How to use Voice Dictation Tool in Windows 10

If you have always thought of writing posts or email or anything on your Windows 10 computer using voice, Microsoft has rolled out a native Dictation feature with Fall Creators Update. This tool can translate your spoken words into text, and it works in any app where there is a text input, and can also be used on the desktop to launch settings and other things.

In this Windows 10 tutorial, we will talk about how you can use the Dictation Tools to improve your productivity. A small caution that it may take some time to get used to the whole experience. Also, you will need a microphone to get everything done.

Dictation Tool in Windows 10

Select a text area like a Word document or email where you want to type. Then to start the dictation tool, press Windows key + H on the keyboard. This will launch the voice dictation panel which will have a keyboard and blue color microphone icon. It’s basically the touch keyboard which shows up in tablet mode for 2-in-1 laptops.

The blue microphone icon will immediately get into “Listening” mode, and you can start your dictation right away. However, writing isn’t just putting in random words you speak; instead, you need to add punctuation and other grammar aspects.  We will talk about the dictation commands at the end of the post.

Dictation Tool in Windows 10

Once done, all you need to say is “stop dictating“, and then stop saying. Once the tool gets the silence, it will stop converting speech to text.

While the keyboard is compact, but it is expected to occupy part of your screen. This means it will block your view of whats in the document. Suggest you drag, and put it under the taskbar, so it disappears from the visuals, but the dictation keeps working.

Windows 10 Dictation commands

This is the list of dictation commands you will need to use if you are planning to use this tool most of the time. Say for example if you want to delete a word where your cursor is, just say Delete word, and it will be done.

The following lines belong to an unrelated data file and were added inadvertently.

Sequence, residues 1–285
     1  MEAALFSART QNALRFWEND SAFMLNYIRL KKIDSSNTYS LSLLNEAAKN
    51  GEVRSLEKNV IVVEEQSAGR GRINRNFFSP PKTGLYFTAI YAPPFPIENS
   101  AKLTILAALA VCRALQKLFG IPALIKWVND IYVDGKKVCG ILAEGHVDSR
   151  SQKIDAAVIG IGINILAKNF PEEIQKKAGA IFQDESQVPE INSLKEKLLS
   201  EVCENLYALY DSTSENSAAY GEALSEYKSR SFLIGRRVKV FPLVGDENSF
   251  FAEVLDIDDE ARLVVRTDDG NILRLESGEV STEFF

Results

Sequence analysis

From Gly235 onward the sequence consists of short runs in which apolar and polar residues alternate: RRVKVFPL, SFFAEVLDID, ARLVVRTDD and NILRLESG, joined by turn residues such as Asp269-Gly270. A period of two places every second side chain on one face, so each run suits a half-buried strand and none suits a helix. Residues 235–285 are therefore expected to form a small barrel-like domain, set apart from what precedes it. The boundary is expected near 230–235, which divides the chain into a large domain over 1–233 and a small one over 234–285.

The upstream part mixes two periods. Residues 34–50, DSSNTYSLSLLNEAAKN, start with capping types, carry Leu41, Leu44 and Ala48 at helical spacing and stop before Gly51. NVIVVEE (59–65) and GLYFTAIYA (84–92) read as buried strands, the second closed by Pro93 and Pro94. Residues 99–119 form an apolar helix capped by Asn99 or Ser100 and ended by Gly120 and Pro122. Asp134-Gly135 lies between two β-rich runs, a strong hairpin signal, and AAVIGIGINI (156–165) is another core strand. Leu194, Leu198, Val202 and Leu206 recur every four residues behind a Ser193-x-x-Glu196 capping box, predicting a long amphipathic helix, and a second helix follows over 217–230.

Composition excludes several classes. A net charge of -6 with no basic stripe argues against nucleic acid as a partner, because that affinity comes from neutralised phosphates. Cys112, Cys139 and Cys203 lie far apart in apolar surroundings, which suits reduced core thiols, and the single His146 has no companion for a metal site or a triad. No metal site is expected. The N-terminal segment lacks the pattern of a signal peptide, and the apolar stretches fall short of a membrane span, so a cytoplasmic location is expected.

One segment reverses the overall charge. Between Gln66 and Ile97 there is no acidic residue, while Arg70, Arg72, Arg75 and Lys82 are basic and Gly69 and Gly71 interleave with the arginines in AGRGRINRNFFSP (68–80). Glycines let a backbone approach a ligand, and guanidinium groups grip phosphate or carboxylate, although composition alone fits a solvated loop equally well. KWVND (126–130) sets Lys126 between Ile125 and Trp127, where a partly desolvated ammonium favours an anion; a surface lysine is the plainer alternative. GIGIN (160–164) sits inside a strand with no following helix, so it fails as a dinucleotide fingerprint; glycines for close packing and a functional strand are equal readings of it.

To do this Say
Clear a selection Clear selection; unselect that
Delete the most recent dictation result, or currently selected text Delete that; strike that
Delete a unit of text, such as the current word Delete word
Move the cursor to the first character after a specified word or phrase Go after that; move after word; go to the end of paragraph; move to the end of that
Move the cursor to the end of a unit of text Go after word; move after word; go to the end of that; move to the end of paragraph
Move the cursor backward by a unit of text Move back to the previous word; go up to the previous paragraph
Move the cursor to the first character before a specified word or phrase Go to the start of the word
Move the cursor to the start of a text unit Go before that; move to the start of that
Move the cursor forward to the next unit of text Move forward to the next word; go down to the next paragraph
Moves the cursor to the end of a text unit Move to the end of the word; go to the end of the paragraph
Enter one of the following keys: Tab, Enter, End, Home, Page up, Page down, Backspace, Delete Tap Enter; press Backspace
Select a specific word or phrase Select word
Select the most recent dictation result Select that
Select a unit of text Select the next three words; select the previous two paragraphs
Turn spelling mode on and off Start spelling; stop spelling

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What do I feel about it?

After using it for a couple of different things, I can say that it works. But there are caveats that Microsoft needs to fix. Dictation should work in conjunction with features of documents. Say, for example, if the first alphabet of a word needs t the be in the capital, I should have to put my time into doing that. Same should happen for comma and punctuations.

There is another drawback. The tool doesn’t learn your speech. There is no speech training program with this which increases the chance of error.

However, I am guessing this is more of a general tool and is not built for professional work. But then whats the point? If you been using Windows form a long time, Windows already had a Speech Recognition tool which also helps in executing key commands, many other things. However, this is limited to the only control panel.

Nevertheless, you can always use this tool to write long emails, and document things. Later on, you can spend some time fixing whichever needs a correction.

The Dictation tool is available in US English only. To use it, your PC needs to be connected to the internet. To dictate in other languages, use Windows Speech Recognition.

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Ashish is a veteran Windows, and Xbox user who excels in writing tips, tricks, and features on it to improve your day to day experience with your devices.

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